* Tunisie. Opposants empêchés de communiquer - Dans une lettre adressée au président Ben Ali, Reporters sans frontières a protesté contre le blocage, depuis la Tunisie, de nombreux numéros de téléphone à l'étranger et contre les coupures des lignes de téléphone de nombreux opposants. Par ailleurs, l'accès à Internet est devenu extrêmement difficile et de nombreux sites d'information (comme celui de Libération et d'organisations des droits de l'homme) sont totalement bloqués. De plus, le courrier traditionnel n'échappe pas au contrôle, il n'arrive pas toujours à destination ou sinon ouvert. (RSF, France, 10 décembre 2001)

* Uganda. Fuel fire kills 50 - Up to 50 people have been burnt to death when they tried to collect fuel spilled from a broken-down fuel tanker in the eastern Ugandan district of Iganga, according to police.The incident occurred in Busesa, a densely populated village, 100 kilometres east of Kampala, the Ugandan capital. The police say they are investigating reports that the fire was deliberately started by the driver of the tanker after the villagers defied his order not to get close to his vehicle. It is not yet known whether the driver and crew on the fuel tanker are among the victims. Among those killed are passengers of a minibus whose driver reportedly attempted to drive through the flames. The Police Commander in Iganga District, Elisam Mugisha, who was at the scene of the accident, said he feared as many as 50 people may have died on the spot. (ANB-BIA, Brussels, 6 December 2001)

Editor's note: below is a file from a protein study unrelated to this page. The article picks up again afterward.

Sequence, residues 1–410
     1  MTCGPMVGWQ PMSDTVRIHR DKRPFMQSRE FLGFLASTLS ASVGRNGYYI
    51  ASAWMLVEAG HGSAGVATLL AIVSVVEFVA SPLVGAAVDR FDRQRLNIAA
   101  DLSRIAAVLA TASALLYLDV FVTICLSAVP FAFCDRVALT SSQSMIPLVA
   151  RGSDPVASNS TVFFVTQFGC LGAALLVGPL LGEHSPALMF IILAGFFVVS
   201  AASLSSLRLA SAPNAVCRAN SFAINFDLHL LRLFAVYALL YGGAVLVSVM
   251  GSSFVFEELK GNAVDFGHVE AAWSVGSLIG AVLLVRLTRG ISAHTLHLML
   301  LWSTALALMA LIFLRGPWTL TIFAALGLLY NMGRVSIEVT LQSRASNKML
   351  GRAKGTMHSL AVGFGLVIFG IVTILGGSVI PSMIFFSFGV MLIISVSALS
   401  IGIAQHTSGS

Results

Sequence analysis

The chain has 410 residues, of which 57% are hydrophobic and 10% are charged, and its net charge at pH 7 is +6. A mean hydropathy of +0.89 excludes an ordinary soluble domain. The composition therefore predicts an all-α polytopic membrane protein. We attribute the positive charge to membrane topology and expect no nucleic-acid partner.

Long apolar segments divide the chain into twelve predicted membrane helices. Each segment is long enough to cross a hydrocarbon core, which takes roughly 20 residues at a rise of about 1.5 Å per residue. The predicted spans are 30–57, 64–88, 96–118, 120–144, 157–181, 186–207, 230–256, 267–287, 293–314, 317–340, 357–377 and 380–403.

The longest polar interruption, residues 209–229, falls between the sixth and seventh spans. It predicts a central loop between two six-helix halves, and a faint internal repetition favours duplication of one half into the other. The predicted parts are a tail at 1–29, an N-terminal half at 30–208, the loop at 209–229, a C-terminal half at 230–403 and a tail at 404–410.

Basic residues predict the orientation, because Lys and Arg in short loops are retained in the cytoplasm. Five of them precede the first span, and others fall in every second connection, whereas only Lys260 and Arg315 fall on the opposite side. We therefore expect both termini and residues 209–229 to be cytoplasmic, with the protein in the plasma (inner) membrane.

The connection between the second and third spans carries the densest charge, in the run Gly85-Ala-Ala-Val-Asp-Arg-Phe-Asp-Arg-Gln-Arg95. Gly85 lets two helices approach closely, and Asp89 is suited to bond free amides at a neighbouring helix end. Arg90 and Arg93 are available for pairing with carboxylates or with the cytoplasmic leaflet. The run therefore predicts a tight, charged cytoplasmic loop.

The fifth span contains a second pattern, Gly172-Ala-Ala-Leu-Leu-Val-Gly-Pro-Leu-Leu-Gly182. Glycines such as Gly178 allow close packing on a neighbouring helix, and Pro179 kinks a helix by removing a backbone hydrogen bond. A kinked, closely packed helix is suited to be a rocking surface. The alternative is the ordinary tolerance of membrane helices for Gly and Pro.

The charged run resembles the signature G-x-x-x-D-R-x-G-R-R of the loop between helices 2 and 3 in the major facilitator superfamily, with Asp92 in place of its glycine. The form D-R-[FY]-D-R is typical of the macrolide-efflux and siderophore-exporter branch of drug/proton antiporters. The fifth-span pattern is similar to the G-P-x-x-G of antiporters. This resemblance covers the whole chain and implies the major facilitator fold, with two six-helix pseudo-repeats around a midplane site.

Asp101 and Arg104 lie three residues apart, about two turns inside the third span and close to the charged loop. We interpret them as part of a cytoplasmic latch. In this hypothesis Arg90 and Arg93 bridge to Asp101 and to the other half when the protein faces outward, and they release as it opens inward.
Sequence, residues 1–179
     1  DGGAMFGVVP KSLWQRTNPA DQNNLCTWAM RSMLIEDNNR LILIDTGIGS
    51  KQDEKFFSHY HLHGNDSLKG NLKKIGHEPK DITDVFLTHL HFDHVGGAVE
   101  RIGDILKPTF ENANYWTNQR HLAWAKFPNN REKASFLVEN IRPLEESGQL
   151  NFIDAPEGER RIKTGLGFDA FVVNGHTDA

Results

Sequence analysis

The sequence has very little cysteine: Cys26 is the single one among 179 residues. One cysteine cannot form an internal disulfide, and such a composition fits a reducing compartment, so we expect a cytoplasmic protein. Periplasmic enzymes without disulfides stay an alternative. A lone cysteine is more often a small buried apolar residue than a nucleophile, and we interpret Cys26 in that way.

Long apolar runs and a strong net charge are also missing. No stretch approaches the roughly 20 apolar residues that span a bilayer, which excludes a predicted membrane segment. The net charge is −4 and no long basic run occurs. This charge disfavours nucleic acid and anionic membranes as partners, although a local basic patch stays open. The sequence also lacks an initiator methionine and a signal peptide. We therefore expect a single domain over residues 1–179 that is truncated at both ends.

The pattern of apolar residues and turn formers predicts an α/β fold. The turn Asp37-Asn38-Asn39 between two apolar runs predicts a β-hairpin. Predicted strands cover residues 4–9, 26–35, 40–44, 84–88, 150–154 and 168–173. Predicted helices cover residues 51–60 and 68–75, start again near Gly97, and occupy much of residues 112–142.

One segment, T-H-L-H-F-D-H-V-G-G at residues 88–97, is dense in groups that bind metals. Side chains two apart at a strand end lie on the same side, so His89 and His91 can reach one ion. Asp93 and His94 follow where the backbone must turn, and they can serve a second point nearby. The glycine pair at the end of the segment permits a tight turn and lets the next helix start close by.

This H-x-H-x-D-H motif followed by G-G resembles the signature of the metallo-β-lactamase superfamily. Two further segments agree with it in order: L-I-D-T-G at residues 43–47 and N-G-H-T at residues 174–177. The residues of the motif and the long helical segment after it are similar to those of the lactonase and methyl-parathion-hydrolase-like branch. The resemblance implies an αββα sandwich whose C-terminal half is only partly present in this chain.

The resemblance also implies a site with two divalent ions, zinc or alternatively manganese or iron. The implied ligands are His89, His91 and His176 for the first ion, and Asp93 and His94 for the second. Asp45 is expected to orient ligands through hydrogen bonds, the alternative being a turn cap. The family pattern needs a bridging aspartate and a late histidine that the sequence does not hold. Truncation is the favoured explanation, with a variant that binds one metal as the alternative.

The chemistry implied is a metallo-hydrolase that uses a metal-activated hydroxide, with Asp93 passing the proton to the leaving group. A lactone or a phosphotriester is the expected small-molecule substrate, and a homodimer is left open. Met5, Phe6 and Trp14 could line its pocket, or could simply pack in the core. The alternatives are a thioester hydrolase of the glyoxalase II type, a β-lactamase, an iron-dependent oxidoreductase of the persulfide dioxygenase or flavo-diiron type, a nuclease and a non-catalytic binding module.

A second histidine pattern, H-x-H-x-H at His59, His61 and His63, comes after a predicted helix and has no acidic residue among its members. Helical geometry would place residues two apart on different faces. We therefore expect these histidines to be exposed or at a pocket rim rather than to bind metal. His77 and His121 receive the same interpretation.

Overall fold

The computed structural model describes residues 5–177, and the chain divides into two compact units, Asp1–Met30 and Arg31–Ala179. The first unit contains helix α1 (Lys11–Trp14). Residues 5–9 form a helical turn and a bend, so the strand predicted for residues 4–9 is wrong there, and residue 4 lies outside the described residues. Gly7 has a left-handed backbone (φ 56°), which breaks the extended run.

* Zambia. Election date challenged - On 6 December, human rights and church groups questioned the legitimacy of this month's presidential elections, saying the timing of the poll date will disenfranchise many voters. Zambia goes to the polls on 27 December, two days after Christmas Day, to elect a new president, parliament and civic leaders. But the umbrella Oasis Forum -- made up of lawyers, NGOs and Churches -- has sharply criticised the election date, which will come at the height of the festivity and of the rainy season. (Financial Times, UK, 7 December 2001)

* Zimbabwe. Neighbours refuse to turn on Zimbabwe - On 10 December, the Southern African Development Community (SADC) rejected the use of sanctions to bring Zimbabwe to heel. This was made clear by Lillian Patel, Malawi's foreign minister, who is chairing a meeting of ministers and officials from Botswana, Mozambique, Namibia, Tanzania, South Africa and Zimbabwe. Zimbabwe ministers were angry and alarmed at the prospect the five SADC ministers representing South Africa, Malawi, Tanzania, Mozambique and Botswana who had met in Pretoria on 9 December would agree on a hostile common position before confronting President Robert Mugabe. Mr Mugabe himself did not attend the meeting. He was instead chairing a politburo meeting of his ruling Zanu-PF party ahead of its national congress on Thursday at which he will launch his campaign for re-election. Stan Mudenge, Zimbabwe's foreign minister, who led his country's SADC delegation, accused Britain of trying to "turn our friends against us". But Zimbabwe would not reverse its land resettlement programme designed to take back land "pillaged" by colonialists. Harare was aware there would be consequences as a result of its principled policies, he said, adding that Britain and the US believed that "might is right". (Financial Times, UK, 11 December 2001)